From The Commentators' Seder: A companion volume to The Commentators' Haggadah including additional inspiring halachic insights and homilies, by Rabbi Yitzchak Sender:
"The story of the Exodus must be recited in response to questions. This was mandated by our Sages based on the pasukim which state, 'and you shall tell it to your son'; והגדת לבנך, and similarly, 'and when your son will ask': והיה כי ישאלך בנך. . .
"The question then arises, what about a daughter? Is she permitted or even obligated to ask? . . . The opinion of the Aruch HaShulchan. . . is that a daughter is allowed to pose questions on the Seder Night, but only if there is not a son present.
"Related to this halachic principle of בן קודם לבת, a son taking precedence over a daughter, there is an inspiring story which I heard from Ha Gaon Rav Moshe Hershler, of blessed memory. As the boat which was carrying Rav Yisrael of Sklov, that eminent student of the Vilna Gaon, neared the shores of Eretz Yisrael, a violent storm arose and the boat sank. Rav Yisrael, who was traveling with his small son and daughter, proceeded to grab them each under one arm and swim to shore. Because of the strong current, he soon realized that he would not make it to shore unless he released one of the children and had one hand free with which to battle the waves. Turning to his daughter, he explained to her, with a broken heart, that the halacha required that she be the one he must release (based on the Mishnah in the last chapter of מסכת הוריות, where it is clearly stated that saving a son takes precedence over saving a daughter, because a son is obligated to fulfil mitzvos and a daughter is not). His small daughter replied to her father as follows: 'If that is the halacha, so be it, dear Father.' She then proceeded to grab her father's beard and hang on to it tightly with all her might, refusing to release her hold. Explaining to her puzzled father why she was doing this she said: 'Your halacha says: בן קודם לבת, and this is what you must do; but my halacha is different, it tells me: וחי בהם: the mitzvos were given to live by, and I must do everything I can to preserve my life.' As she was speaking the storm suddenly subsided, and Rav Yisrael was able to wade to shore safely with both children under his arms.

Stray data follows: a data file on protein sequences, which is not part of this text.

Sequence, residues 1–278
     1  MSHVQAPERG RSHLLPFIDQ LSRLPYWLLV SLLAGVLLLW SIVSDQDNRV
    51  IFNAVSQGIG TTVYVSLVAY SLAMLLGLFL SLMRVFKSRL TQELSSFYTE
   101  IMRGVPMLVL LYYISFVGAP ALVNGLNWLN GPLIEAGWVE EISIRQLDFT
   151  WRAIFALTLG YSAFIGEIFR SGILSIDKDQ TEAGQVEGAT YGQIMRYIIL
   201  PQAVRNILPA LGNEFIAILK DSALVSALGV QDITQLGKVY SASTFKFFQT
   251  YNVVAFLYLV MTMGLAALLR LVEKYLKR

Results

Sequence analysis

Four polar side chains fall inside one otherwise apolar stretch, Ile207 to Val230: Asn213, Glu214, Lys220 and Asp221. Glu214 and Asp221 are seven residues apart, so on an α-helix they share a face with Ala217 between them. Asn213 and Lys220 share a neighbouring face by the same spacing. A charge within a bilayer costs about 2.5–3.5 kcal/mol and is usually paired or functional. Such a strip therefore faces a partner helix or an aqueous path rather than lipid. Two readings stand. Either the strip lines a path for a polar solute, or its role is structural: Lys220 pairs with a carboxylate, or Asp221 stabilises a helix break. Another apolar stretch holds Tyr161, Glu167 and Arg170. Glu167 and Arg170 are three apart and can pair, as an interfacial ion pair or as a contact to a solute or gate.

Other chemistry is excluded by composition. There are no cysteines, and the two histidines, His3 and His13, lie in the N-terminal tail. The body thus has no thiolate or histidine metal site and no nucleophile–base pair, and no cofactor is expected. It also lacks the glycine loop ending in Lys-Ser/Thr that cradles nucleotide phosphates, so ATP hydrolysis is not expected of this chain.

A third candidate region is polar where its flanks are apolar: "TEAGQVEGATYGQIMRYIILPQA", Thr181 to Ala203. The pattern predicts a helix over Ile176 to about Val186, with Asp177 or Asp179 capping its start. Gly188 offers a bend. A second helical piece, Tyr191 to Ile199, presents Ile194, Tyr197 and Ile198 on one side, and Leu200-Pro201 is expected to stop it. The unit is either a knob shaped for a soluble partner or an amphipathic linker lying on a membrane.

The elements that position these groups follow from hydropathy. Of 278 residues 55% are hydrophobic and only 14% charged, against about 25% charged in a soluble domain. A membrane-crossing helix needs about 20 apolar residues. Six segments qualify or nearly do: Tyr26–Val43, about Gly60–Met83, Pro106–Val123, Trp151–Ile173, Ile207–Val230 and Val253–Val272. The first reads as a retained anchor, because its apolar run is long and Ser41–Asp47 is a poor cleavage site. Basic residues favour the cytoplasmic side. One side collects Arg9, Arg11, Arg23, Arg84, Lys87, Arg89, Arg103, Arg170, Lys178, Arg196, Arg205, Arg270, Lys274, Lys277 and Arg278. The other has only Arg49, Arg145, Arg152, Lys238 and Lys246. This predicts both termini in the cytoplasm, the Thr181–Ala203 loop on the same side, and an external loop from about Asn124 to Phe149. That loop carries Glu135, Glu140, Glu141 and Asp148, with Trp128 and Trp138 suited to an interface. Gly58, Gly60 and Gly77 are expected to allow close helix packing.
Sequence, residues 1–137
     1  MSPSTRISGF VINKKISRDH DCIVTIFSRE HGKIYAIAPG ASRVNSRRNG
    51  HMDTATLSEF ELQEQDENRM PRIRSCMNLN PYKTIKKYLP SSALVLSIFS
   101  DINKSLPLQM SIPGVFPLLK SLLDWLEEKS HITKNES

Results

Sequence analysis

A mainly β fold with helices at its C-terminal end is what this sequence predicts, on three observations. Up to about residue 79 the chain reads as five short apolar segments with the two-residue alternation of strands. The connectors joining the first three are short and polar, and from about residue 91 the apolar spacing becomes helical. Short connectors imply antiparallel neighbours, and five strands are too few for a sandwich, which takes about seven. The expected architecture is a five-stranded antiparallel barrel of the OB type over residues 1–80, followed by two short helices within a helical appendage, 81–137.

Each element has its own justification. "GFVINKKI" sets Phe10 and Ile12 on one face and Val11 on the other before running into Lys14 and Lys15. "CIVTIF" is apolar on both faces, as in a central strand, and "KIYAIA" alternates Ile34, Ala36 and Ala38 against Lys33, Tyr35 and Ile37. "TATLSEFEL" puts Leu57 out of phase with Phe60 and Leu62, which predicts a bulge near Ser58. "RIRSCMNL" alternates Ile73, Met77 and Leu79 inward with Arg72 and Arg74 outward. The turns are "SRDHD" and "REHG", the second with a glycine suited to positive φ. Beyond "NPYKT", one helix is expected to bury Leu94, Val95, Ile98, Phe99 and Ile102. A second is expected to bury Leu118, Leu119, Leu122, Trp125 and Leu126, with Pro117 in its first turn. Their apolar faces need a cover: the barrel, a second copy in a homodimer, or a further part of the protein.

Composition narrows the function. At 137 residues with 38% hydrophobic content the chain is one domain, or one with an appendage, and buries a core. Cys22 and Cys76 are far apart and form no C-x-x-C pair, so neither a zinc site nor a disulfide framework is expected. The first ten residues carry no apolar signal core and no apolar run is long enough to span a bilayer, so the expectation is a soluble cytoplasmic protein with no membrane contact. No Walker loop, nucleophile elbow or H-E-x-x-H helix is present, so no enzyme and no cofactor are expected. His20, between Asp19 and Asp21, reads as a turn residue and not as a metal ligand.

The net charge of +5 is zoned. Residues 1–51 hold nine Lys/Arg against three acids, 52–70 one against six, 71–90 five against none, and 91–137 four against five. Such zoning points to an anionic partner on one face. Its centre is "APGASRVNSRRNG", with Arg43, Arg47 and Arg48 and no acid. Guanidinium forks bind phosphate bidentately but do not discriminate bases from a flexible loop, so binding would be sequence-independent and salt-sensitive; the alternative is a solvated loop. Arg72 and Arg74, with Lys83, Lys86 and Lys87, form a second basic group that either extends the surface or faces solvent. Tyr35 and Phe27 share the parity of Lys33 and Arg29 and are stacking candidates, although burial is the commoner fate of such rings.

"Rav Hershler concluded this story by saying that when it was told to Rav Yehezkiel Abramsky, tears welled up in his eyes and he remarked; 'Ribbono Shel Olam, how great are your people that a father could say to his beloved daughter with such unswerving faith that this is the halacha; and that a daughter could reply with such loving acceptance and could display such genius in applying the halacha so appropriately to her own situation!'"